Last week my kids participated in a unique budgeting exercise at their school, carefully disguised as a Santa’s Workshop. The idea was the kids were to visit the workshop a few days in advance of its official opening to develop a shopping list for friends and family, along with a Christmas shopping budget.
Our daughter came home with a pretty good estimate of what she’d need to complete her shopping. $32, to be exact. Most impressive? That included gifts for five or six family members – even her little brother! We negotiated a small advance allowance along with a few extra chores to work on over the weekend and handed over some of the shopping cash.
That morning, the kids were allowed to visit Santa’s Workshop before classes started and were allowed to select a number of gifts up to their budgeted amount – not a penny more. Imagine if we shopped under such strict guidelines. Spend the cash you have available for Christmas and leave the store. No credit cards; no layaways; no 90 days same as cash.
As parents, we don’t have to wait for Santa’s Workshop to teach these same lessons. Rather than buying gifts for your kids to give to siblings and friends, give them a budget and allow them to do their own shopping (with your assistance, of course). Here are a few ideas to reinforce with kids around the Christmas shopping season:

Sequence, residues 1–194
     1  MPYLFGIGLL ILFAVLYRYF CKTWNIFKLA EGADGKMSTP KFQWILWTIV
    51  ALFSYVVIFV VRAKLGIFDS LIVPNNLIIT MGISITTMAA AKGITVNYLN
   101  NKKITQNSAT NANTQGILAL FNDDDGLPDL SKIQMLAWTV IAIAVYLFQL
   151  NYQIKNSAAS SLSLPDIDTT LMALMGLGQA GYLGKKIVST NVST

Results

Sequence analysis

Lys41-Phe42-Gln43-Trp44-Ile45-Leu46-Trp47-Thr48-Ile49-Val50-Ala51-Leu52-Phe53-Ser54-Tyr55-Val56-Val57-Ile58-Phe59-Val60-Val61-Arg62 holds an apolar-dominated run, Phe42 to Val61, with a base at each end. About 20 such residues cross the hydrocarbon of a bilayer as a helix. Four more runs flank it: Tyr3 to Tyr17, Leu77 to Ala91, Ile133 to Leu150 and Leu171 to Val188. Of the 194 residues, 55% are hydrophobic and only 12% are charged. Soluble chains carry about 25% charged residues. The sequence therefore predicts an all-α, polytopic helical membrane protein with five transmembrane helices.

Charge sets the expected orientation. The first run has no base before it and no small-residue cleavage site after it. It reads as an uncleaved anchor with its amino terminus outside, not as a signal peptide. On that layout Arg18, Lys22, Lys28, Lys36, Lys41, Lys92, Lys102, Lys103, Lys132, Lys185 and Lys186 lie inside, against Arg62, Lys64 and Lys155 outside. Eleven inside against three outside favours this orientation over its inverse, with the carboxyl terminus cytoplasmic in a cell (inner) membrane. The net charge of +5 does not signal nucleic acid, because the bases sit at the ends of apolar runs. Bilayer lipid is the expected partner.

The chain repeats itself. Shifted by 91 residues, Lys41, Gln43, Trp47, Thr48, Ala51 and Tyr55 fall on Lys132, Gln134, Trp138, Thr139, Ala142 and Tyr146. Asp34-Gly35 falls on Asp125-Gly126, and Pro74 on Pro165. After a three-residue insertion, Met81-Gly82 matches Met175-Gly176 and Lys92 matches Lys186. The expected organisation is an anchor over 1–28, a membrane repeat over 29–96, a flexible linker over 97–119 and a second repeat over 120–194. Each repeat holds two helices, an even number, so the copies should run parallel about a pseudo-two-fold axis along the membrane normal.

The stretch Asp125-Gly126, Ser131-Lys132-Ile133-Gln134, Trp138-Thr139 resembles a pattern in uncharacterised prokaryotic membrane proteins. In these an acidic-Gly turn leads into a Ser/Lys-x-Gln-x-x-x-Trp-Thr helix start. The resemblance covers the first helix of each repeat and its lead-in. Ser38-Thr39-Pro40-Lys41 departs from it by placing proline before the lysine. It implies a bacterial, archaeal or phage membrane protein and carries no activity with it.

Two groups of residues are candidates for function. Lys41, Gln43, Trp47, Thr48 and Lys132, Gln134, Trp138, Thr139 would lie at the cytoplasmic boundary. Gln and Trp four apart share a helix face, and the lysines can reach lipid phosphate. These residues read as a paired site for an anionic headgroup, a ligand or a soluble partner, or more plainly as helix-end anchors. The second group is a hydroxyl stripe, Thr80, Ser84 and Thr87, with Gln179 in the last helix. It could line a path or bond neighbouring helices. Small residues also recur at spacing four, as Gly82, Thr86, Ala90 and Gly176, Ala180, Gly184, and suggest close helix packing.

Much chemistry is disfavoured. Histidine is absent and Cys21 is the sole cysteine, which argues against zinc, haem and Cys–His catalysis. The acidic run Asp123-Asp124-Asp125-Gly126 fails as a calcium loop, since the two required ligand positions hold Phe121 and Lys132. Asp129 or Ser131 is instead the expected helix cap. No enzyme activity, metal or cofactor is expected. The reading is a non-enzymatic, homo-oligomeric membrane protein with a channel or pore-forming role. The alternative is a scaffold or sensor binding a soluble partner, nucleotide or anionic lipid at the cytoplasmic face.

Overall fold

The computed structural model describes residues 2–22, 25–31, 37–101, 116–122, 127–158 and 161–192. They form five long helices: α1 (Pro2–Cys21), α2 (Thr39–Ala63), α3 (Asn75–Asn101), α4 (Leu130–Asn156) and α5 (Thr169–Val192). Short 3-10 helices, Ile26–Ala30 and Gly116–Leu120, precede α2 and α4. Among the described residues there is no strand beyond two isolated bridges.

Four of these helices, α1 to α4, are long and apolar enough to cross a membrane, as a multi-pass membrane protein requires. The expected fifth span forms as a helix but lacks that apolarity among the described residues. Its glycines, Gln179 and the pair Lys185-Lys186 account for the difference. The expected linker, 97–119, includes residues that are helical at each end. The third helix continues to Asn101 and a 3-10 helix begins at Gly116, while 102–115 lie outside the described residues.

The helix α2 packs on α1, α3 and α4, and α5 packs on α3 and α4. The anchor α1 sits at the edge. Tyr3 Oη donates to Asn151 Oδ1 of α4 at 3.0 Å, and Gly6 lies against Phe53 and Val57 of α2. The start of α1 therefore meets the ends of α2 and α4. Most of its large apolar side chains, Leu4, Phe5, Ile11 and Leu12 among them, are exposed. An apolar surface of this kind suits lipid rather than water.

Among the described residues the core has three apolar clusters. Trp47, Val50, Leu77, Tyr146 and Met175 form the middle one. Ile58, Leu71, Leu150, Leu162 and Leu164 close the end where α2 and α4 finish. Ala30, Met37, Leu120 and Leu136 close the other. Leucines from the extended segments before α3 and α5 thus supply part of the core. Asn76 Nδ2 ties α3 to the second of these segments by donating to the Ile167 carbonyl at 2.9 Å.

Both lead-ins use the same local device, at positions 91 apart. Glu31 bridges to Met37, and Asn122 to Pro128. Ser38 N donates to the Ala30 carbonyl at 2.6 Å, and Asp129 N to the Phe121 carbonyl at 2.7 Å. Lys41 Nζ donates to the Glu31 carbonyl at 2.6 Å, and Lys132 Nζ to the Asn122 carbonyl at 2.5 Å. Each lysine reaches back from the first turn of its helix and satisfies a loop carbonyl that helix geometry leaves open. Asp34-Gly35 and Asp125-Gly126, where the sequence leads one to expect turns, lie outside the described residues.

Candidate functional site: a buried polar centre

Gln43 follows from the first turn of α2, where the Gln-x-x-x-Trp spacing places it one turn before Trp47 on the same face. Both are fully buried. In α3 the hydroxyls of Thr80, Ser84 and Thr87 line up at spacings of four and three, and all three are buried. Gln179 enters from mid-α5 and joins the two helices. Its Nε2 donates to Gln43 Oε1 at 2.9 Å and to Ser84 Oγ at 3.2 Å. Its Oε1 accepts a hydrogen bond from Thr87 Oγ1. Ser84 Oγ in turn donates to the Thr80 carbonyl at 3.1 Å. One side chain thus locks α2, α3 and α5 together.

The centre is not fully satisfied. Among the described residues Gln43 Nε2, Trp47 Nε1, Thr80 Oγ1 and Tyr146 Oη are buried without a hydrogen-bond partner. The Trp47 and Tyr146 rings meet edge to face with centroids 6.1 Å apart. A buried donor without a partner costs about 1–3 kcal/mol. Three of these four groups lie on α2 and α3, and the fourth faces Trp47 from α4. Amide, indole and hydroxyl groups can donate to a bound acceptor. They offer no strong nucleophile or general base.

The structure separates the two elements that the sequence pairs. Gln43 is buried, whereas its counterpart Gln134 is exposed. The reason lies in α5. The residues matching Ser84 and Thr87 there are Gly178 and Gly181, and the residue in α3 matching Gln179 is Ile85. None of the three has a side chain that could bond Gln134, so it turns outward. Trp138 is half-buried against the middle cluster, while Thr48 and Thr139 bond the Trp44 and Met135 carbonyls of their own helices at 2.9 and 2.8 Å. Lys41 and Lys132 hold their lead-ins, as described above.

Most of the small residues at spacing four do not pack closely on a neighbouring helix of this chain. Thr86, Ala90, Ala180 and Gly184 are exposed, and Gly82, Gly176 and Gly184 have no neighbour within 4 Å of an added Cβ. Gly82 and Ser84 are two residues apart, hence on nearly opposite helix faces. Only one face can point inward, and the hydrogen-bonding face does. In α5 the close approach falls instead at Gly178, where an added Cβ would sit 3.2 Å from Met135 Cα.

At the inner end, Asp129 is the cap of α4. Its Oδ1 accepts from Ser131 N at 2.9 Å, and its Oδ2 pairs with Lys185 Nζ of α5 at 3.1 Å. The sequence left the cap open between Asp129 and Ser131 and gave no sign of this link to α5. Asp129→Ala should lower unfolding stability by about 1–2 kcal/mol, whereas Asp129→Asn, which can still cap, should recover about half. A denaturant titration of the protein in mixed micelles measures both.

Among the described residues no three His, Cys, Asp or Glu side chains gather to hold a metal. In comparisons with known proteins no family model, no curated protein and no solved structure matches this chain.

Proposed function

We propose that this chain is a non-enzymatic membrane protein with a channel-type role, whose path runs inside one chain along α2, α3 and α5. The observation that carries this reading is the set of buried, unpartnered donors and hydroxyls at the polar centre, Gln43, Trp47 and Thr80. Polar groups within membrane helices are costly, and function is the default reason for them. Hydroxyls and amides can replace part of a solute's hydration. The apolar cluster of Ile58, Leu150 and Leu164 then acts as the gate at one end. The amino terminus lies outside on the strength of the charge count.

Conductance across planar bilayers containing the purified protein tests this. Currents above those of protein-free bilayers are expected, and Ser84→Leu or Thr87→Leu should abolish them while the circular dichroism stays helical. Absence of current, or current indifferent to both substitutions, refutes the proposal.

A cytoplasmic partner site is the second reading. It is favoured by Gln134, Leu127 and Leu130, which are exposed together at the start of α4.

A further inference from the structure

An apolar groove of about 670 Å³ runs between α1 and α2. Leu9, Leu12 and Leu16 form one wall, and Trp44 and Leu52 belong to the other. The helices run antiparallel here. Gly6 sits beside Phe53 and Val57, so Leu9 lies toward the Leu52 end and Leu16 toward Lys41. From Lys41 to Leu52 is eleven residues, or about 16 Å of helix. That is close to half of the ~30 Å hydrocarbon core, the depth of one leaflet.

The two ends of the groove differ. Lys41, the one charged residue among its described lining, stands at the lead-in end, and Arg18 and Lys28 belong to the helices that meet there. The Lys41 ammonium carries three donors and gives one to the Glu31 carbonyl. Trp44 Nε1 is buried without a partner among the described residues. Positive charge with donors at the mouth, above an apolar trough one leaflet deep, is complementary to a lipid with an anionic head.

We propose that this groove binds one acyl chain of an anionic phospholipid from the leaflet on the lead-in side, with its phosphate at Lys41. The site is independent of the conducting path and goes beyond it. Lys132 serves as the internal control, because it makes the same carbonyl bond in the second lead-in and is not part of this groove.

- Start saving for Christmas way before the decorations are going up. We save for Christmas all year around, in a dedicated online savings account at ING Direct. Simply divide your annual Christmas budget by 12 months and move that amount to savings. The ultimate budgeting challenge for kids would be for them to set aside a little allowance each month throughout the year for this very purpose.
- Have a list, check it twice! Whether you are shopping for groceries or toys for kids, it’s always a good idea to have a list. Stick close to the list and you improve your chances of staying close to your budget.
- We don’t shop with money we don’t have. In my roundup post the other day I mentioned seeing customers in front of me charging Christmas presents on credit cards. My daughter is also old enough to notice this, and often gives me a knowing look when we witness it together. Remind your kids that buying stuff on credit cards is a bad idea, because you usually wind up spending more up front, and paying more for each item when interest charges are tacked on.
- Don’t forget giving. We do not give gifts with the anticipation we will receive them. To reinforce this idea, have your kids give a little of their own money to a cause they are interested in, or a local church or shelter. The more personal, the better.